The investigation spanning a period of 6 month involved the arrests of INK journalists, the acquisition of satellite images and the carrying out of an investigation into how, for over four years, government has built a wall of secrecy to hide the diversion of public resources into developing Khama’s private property.
The investigations reveal a systematic effort by the government to obscure the role played by the military in the development of Khama’s private property. The deliberate misinformation and non-disclosures by Government on the role of the Botswana Defence Force and Security Services in contravention to the provisions of the Constitution in respect of freedom of information, illustrate a deep seeded disdain for the taxpayer. Now we know why President Khama and those within his immediate circle want to hide information on the development; there have been a number of irregularities in Mosu, including allegations of extending land boundaries beyond those which he had been allocated, and using special military budgets as opposed to funds from DIS, as previously claimed.
Media interest in Mosu dates back to 2013 when the Sunday Standard first broke the story on the involvement of the BDF in developing an airstrip for the president. In a clear attempt to protect the president, both Minister Mokgweetsi Masisi at the time and government spokesperson Jeff Ramsay got themselves entangled in embarrassing inconsistencies. They claimed that the airstrip does not belong to the president, while simultaneously arguing that Mosu and its developments were an official benefit extended to all former presidents. INK and The Sunday Standard can now reveal that Governments explanations are deliberately deceptive.
This is what we know:
- That President Khama fenced a piece of land exceeding 60 ha at the mouth of Makgadikgadi Pans: Part of the fenced area fenced has not been officially allocated to him.
- That the airstrip was designed to service the president’s private compound and benefit Khama during and after his term in office. The civil aviation authority will not have access to it without express permission from him.
- That, for four years Khama has been stretching the BDF budget, using funds designated as a BDF “maintenance vote” and not from his office as it was previously claimed.
- The decision to publish the findings of our investigations now, following a six-month in-depth fact finding exercise has been necessitated by attempts from the Office of the President to spin and sanitise the developments, as well as the ongoing surreptitious overtures to prohibit the publication of the investigations. INK and The Sunday Standard are alive to the fact that in spite of the constitutional provisions that ensure the public’s right to receive information, ordinary Batswana are denied the ability to make informed opinions on how those who hold political office use their taxes due to a lack of information. We endeavour to enlighten and inform the public as provided by the national Constitution.
As Media organisations, the 4th Estate, it is our duty, both to our readers and to the broader public to ensure that we perform our oversight function of the three arms of governmentÔÇô and we are determined to ensure that the public has the benefit not only of the unvarnished truth and but furthermore that those in positions of authority are held to account for their actions.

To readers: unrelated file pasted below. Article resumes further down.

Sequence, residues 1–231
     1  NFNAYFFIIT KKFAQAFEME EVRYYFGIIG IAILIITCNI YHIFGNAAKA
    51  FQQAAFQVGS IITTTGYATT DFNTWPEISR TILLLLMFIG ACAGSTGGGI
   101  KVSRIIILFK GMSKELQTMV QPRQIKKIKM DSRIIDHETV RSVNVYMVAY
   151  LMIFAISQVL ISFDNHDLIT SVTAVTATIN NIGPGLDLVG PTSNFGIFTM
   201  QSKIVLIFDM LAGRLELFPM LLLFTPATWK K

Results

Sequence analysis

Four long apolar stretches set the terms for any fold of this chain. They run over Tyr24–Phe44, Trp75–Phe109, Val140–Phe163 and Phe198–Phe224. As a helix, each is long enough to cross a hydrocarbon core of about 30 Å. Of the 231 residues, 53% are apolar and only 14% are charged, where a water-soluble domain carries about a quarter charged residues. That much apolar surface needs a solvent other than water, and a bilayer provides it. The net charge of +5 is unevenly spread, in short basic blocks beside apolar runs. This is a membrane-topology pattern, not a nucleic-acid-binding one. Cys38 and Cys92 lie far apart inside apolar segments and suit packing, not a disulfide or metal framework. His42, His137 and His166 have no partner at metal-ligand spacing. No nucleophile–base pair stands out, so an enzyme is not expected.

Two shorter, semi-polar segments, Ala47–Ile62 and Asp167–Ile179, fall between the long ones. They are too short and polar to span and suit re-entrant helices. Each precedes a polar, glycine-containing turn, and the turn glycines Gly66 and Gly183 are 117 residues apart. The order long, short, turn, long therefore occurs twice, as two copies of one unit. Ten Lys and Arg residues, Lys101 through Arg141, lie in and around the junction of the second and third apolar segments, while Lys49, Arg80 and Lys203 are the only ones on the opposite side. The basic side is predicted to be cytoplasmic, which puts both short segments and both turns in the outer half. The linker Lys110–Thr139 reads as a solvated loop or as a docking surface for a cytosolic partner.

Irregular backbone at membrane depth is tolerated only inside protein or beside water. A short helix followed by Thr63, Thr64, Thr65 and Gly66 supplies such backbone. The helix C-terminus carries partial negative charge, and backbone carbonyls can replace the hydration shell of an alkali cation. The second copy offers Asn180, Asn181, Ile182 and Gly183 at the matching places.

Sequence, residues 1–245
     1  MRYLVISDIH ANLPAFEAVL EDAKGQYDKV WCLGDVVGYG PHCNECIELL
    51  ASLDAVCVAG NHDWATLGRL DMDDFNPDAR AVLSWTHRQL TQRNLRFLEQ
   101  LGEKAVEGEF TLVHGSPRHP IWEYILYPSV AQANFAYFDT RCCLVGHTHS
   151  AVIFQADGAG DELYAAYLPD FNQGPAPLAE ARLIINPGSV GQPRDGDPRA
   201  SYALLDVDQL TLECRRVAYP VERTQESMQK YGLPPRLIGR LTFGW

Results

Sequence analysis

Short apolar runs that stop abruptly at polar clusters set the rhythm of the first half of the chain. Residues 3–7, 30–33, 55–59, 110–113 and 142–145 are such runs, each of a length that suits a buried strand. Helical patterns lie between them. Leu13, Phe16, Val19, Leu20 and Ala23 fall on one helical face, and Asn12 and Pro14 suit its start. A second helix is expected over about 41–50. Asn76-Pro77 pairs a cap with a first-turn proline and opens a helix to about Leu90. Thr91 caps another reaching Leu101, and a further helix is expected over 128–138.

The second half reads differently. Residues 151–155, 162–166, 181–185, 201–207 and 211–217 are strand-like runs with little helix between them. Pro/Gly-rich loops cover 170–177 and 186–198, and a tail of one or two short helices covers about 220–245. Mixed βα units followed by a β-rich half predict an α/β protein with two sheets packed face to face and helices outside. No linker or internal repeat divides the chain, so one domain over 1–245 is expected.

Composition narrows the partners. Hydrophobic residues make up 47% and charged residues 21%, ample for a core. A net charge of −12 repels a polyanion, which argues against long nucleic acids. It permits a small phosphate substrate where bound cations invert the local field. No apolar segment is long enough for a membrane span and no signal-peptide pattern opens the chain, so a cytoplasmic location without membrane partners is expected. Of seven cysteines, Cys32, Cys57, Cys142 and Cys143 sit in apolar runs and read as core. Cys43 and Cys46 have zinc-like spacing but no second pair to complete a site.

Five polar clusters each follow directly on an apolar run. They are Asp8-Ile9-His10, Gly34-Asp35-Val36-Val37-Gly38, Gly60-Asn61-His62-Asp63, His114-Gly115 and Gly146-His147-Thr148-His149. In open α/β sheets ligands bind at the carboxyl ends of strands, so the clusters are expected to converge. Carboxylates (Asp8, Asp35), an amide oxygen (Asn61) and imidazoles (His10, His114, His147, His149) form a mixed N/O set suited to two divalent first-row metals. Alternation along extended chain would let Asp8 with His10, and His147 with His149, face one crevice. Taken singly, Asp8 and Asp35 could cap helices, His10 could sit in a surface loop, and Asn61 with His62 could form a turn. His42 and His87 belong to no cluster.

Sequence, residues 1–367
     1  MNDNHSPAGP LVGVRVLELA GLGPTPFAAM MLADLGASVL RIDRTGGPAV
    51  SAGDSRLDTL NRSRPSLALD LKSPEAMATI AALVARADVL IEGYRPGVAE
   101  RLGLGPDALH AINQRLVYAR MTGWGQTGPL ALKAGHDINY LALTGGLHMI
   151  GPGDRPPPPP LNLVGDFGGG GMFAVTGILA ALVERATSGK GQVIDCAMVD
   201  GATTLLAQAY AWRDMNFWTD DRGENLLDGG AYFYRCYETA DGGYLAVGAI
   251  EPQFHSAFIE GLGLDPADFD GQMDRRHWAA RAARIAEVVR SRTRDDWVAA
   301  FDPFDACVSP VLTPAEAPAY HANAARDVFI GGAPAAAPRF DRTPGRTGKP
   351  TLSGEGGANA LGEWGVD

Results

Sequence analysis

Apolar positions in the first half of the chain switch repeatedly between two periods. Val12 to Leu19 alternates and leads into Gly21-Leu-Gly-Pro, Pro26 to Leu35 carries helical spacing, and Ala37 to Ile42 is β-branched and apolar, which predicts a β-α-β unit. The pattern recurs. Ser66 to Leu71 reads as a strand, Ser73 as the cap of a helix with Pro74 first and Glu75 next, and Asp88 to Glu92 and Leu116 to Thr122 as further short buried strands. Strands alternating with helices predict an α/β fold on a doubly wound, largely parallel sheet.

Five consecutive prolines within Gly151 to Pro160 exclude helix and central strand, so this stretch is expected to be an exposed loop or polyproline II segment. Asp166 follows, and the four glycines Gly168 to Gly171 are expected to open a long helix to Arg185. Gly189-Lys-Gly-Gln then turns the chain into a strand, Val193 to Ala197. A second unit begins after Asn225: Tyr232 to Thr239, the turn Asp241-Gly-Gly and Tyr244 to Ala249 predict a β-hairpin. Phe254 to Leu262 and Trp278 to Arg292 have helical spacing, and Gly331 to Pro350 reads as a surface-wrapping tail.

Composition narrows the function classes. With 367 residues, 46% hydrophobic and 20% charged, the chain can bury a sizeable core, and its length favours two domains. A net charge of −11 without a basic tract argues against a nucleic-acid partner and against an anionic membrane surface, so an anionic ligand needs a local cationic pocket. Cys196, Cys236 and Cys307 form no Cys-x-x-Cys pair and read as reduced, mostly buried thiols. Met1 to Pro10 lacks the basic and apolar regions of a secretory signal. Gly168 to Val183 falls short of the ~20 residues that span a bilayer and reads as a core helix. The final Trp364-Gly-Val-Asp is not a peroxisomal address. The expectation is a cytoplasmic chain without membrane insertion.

We, as the media, and as responsible citizens, are alive to the sensitive nature and security concerns pertaining to gazetted residences of Heads of State as well as their right to privacy. We have taken extensive steps to safeguard against these concerns and to respect such restrictions, within the purview of applicable legislation.
The conduct of politicians, and particularly a President of a liberal democratic state, such as ours, is open to public scrutiny. The overwhelming public interest and the benefit to the public, in engaging in an informed discussion and understanding of how a Head of State has used national resources, be it in the form of land or monetary benefits underpins the public’s right to freedom of expression. This is particularly so in a country with a government that shuns public disclosure of information and embraces official secrecy surrounding the construction of a presidential residence at the cost to tax-payers’ and public money. The Constitution provides that all citizens have the right to receive information, an essential aspect of a constitutional democracy. Our Government, has over the years declined to pass legislation to address the legal framework that meets this constitutional imperative. The broad ambit of the public’s right to information, under the Constitution, together with considerations of the national public interest have informed and driven INK and Sunday Standard’s position in piercing the veil of secrecy that shrouds Mosu.
In exposing the findings, we have taken all reasonable steps to ensure the security and protection of our sources; sources that may be in harm’s way. We made sincere and serious efforts to provide those involved the opportunity to present their side of the story. Their responses have been dismal in their lack of candour and the clear obfuscation of issues our questionnaires raised. The BDF’s consistent refusal to shed light on their role in Mosu is disappointing. Their position renders any concerns they may have over security inapplicable to themselves as they have distanced themselves from any involvement with the developments in Mosu. The BDF is incapable, as a result of independently deciding what constitutes a security breach.
The recent decision by former commander of the BDF Lt. Gen Gaolatlhe Galebotswe, to engage in discussions with INK on the issue of Mosu, is a clear indication that there is nothing wrong with sharing information on matters of clear public interest.